WASHINGTON — When Top court nominee Brett Kavanaugh appears before the Senate panel vetting his nomination tomorrow to start his weeklong confirmation hearing, President Trump won’t take attendance — but he’ll be an important focus.
So will special counsel Robert Mueller’s ongoing probe, as Senate Judiciary Committee Democrats ready a rapid-fire distinctive line of questioning for Kavanaugh about his views of executive power — such as the federal appellate judge’s past writings opining that presidents probably should not face the “burden” of cooperating with criminal investigations and prosecutions.
“There’s a serious question whether or not this president, in the opportunity, will end the Mueller investigation, a thing that most Republicans as well as overwhelming many Americans say has to be serious mistake,” Sen. Dick Durbin, (D-Ill.), said yesterday on “Fox News Sunday.” “We ask, of course, Judge Kavanaugh, whats your opinion?”
The constitutional limits of executive power — including whether presidents must observe federal subpoenas or maybe if they usually are called to testify maybe indicted — haven’t yet been settled via the high court, making Kavanaugh’s opinion of the matter a point of keen interest for Democrats. But you are unlikely to secure a satisfying answer: For decades, Supreme Court nominees have demurred when questioned during confirmation hearings about matters that could appear ahead of the court.
Kavanaugh will take the same approach when grilled on other hot-button issues, including abortion, affirmative action, federal regulatory authority, the death penalty, immigration and voting rights.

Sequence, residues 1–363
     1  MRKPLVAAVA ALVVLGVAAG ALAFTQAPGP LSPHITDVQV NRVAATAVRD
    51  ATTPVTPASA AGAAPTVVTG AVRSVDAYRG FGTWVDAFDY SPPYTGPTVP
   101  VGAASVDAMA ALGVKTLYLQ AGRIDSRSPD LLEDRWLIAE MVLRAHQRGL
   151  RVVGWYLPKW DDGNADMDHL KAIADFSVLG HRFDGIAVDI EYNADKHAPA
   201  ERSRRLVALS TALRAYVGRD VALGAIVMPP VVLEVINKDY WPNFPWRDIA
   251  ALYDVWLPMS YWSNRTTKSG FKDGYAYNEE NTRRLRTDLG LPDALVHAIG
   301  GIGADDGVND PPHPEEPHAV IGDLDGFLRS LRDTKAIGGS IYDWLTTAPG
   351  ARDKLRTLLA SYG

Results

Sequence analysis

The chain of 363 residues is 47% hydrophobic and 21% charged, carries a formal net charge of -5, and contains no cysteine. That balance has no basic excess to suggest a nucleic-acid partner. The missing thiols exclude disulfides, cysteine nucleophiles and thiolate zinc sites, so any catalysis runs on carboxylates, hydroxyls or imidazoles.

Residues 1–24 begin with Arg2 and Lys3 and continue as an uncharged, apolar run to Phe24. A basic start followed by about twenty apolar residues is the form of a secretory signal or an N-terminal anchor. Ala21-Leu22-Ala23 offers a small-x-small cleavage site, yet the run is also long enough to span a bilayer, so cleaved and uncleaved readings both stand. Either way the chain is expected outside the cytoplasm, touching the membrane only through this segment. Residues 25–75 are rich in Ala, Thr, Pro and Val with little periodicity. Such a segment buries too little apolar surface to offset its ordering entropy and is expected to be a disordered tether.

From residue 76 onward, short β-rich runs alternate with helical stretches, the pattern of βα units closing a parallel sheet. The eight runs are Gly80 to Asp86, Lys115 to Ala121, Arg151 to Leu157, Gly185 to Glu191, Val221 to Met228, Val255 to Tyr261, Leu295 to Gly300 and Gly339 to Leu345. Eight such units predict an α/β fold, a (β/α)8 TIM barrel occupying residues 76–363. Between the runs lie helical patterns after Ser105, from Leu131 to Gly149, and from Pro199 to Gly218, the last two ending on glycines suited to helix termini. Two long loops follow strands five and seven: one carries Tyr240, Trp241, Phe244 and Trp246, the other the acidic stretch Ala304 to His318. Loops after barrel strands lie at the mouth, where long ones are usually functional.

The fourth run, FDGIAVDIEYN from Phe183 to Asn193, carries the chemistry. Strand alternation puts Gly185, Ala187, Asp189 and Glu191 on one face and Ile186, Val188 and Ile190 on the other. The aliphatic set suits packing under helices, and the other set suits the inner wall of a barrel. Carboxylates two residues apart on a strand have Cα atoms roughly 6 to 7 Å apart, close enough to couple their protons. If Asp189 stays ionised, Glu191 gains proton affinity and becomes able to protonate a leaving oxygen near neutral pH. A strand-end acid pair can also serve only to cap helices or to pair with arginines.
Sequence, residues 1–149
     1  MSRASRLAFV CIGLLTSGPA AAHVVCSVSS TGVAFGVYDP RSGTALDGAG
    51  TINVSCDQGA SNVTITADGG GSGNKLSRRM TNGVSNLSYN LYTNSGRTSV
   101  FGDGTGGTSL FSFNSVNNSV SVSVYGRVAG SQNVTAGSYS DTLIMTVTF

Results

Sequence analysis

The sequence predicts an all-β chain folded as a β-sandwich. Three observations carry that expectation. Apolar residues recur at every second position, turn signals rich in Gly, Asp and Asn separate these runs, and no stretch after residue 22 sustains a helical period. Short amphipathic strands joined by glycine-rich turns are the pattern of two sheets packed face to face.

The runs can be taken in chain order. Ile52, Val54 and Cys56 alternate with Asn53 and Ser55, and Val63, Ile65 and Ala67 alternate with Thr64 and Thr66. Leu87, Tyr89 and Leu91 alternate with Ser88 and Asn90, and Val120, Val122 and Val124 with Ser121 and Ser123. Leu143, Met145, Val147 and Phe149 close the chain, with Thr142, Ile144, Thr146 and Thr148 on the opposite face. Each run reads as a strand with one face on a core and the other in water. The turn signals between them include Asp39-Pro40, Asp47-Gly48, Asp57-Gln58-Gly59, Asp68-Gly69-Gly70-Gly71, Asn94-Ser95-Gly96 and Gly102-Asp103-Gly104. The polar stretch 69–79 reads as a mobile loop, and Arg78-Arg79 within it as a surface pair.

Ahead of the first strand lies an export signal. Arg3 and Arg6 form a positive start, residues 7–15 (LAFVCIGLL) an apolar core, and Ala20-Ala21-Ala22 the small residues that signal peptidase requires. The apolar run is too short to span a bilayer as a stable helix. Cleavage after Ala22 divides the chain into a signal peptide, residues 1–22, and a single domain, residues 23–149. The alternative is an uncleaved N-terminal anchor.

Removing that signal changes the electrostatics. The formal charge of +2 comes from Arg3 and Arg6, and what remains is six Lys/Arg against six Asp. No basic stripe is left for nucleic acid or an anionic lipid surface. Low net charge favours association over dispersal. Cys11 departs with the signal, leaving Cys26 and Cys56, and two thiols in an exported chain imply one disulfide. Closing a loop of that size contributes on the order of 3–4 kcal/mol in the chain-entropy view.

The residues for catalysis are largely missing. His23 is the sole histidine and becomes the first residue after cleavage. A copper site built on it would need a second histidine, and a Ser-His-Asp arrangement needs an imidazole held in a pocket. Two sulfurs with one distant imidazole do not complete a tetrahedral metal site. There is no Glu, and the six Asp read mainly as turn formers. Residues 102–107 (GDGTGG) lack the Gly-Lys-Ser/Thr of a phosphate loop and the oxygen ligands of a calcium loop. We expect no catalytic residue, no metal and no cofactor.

Still, Democrats, facing the all-but-certain confirmation in the federal appellate judge, showed a willingness to combat yesterday when they battled the White House over the past weekend over its decision to withhold roughly 100,000 pages of documents from Kavanaugh’s tenure in President George W. Bush’s White House with a claim of executive privilege.
Senate Democratic Leader Chuck Schumer referred to as move, announced in the holiday weekend prior to the confirmation hearing is scheduled to commence, a “Friday night document massacre.”
The privilege claim “has all of the makings of the cover up,” Schumer said inside of a statement. Durbin along with other Democrats used the Twitter hashtag #WhatAreTheyHiding to join up their ire inside of a preview of what’s to return at Kavanaugh’s hearing.
Republicans shot back, saying they offered committee Democrats waivers to be able to comprehend the documents and just one — Minnesota Sen. Amy Klobuchar — began the offer.
“They didn’t make an appearance to observe them,” tweeted Sen. Orrin Hatch (R-Utah).
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